TALLAHASSEE, Fla. — Arthur F. Hebard, National High Magnetic Field Laboratory (National MagLab) affiliated faculty at the University of Florida, has been awarded the 2015 Oliver E. Buckley Condensed Matter Physics Prize.
Presented by the American Physical Society, Hebard shares this year's Buckley Prize with Allen Goldman (University of Minnesota), Aharon Kapitulnik (Stanford University) and Matthew Fisher (University of California, Santa Barbara) for "discovery and pioneering investigations of the superconductor-insulator transition, a paradigm for quantum phase transitions."
Working with very thin films of indium oxide, Hebard's research aimed to understand what happens to superconductivity when you introduce and control disorder, or irregularities in crystal lattice structure. Superconductivity means that a material conducts electricity without resistance at very low temperatures, in contrast to an insulator, which does not conduct electricity at all.
While Hebard's award-winning work was performed at Bell Labs over nearly a decade, it has inspired further research on superconducting materials and the quantum phase transition to insulating states at the National MagLab.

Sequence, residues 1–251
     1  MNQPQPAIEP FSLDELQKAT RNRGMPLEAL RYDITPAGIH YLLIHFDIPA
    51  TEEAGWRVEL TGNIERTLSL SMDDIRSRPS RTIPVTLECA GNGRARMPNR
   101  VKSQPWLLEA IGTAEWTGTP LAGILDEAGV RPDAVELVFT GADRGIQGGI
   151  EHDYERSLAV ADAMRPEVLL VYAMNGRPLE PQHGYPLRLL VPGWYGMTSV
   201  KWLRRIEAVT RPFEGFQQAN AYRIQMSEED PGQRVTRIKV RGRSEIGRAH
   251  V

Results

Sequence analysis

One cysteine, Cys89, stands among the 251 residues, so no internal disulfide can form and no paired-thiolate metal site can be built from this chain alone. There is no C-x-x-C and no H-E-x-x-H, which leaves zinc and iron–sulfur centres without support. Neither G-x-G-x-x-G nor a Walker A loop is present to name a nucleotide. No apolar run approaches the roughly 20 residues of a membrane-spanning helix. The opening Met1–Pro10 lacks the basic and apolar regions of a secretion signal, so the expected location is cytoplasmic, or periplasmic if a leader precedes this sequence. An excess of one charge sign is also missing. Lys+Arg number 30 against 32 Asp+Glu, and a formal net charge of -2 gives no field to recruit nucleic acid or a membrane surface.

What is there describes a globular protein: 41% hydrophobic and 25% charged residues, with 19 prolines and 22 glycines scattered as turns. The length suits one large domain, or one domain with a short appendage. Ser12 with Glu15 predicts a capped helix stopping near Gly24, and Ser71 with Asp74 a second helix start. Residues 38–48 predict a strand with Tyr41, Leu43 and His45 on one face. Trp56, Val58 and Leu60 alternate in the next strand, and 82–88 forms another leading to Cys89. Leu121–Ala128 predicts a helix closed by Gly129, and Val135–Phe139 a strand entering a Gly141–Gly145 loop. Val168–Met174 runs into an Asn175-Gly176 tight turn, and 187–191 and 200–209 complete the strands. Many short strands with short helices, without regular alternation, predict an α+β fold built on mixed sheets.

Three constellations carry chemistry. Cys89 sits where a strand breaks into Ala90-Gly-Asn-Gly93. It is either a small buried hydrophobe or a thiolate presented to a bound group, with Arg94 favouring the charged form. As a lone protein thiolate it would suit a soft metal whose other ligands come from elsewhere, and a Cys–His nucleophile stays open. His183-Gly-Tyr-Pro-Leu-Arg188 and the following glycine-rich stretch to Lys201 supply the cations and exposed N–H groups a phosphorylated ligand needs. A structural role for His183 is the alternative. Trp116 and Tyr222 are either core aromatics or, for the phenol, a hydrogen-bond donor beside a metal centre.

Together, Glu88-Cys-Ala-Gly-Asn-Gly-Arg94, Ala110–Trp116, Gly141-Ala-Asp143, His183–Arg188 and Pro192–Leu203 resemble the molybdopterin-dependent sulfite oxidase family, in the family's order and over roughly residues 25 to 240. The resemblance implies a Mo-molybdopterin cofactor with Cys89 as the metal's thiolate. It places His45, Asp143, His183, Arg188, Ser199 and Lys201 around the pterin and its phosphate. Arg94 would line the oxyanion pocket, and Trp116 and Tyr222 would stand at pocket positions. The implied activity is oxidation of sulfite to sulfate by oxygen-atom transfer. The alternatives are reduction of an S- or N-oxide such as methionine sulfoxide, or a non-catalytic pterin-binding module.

"I am very proud of this work because it is fundamental physics that continues to lead to new and exciting discoveries," Hebard said.
Earlier this year, for example, National MagLab researcher Dragana Popović published a paper in Nature Physics — "Two-stage magnetic-field-tuned superconductor-insulator transition in underdoped La2-xSrxCuO4" — about the discovery of two distinct phase transitions between the insulator and superconducting state.
Hebard's newest research area at the University of Florida explores the impact of disorder on itinerant ferromagnets, or materials where magnetism is associated with moving electrons.
Last year's Buckley Prize winner, Philip Kim, is also a frequent National MagLab user in the DC Field Facility and a member of the lab's External Advisory Committee. He was honored for his work discovering unconventional electronic properties of graphene.
"We are thrilled that the past two winners have such a strong National MagLab connection," said MagLab Director Greg Boebinger. "It really speaks to the quality of research occurring here at the lab."
The National High Magnetic Field Laboratory is the world’s largest and highest-powered magnet facility. Located at Florida State University, the University of Florida and Los Alamos National Laboratory, the interdisciplinary National MagLab hosts scientists from around the world to perform basic research in high magnetic fields, advancing our understanding of materials, energy and life. The lab is funded by the National Science Foundation (DMR-1157490) and the state of Florida. For more information, visit us online at nationalmaglab.org or follow us on Facebook, Twitter, Instagram and Pinterest at NationalMagLab.